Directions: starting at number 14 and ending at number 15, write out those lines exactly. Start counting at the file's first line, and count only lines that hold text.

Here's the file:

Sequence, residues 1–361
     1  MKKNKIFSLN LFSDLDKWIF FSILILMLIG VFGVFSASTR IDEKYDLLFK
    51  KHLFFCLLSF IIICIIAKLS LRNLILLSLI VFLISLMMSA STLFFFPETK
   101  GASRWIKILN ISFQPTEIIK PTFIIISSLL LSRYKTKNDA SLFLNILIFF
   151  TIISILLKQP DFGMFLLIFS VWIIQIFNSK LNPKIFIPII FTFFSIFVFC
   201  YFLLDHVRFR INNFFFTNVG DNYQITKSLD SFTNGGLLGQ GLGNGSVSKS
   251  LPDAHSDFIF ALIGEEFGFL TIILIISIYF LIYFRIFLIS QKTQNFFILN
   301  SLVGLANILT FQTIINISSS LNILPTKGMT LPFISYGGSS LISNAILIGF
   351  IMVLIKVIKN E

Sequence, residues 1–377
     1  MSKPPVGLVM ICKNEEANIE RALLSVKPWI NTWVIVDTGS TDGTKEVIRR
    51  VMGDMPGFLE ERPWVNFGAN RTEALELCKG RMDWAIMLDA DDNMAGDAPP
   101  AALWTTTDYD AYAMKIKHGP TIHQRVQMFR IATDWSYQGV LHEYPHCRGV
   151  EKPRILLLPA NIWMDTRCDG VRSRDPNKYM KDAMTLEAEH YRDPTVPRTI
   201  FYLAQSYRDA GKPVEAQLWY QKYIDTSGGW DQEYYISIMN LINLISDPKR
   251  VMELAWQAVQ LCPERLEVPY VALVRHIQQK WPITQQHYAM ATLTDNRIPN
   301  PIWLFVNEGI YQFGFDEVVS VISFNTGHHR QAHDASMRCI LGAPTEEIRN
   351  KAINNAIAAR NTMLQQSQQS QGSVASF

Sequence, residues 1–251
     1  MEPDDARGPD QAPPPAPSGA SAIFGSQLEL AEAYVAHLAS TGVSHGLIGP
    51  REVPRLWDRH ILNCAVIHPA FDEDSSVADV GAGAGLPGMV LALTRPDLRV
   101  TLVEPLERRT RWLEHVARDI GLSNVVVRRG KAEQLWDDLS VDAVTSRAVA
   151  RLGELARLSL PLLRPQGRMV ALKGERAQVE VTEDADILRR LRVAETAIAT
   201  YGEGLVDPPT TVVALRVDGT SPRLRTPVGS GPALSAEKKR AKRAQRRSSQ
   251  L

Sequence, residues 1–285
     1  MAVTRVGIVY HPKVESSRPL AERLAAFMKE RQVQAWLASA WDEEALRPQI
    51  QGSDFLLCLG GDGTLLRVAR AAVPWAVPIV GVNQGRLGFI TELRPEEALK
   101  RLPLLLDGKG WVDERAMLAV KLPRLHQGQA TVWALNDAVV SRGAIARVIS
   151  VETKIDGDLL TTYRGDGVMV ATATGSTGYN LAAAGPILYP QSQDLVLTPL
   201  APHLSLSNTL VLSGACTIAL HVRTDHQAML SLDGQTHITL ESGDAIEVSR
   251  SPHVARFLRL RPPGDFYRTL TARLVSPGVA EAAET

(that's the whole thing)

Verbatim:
   151  EKPRILLLPA NIWMDTRCDG VRSRDPNKYM KDAMTLEAEH YRDPTVPRTI
   201  FYLAQSYRDA GKPVEAQLWY QKYIDTSGGW DQEYYISIMN LINLISDPKR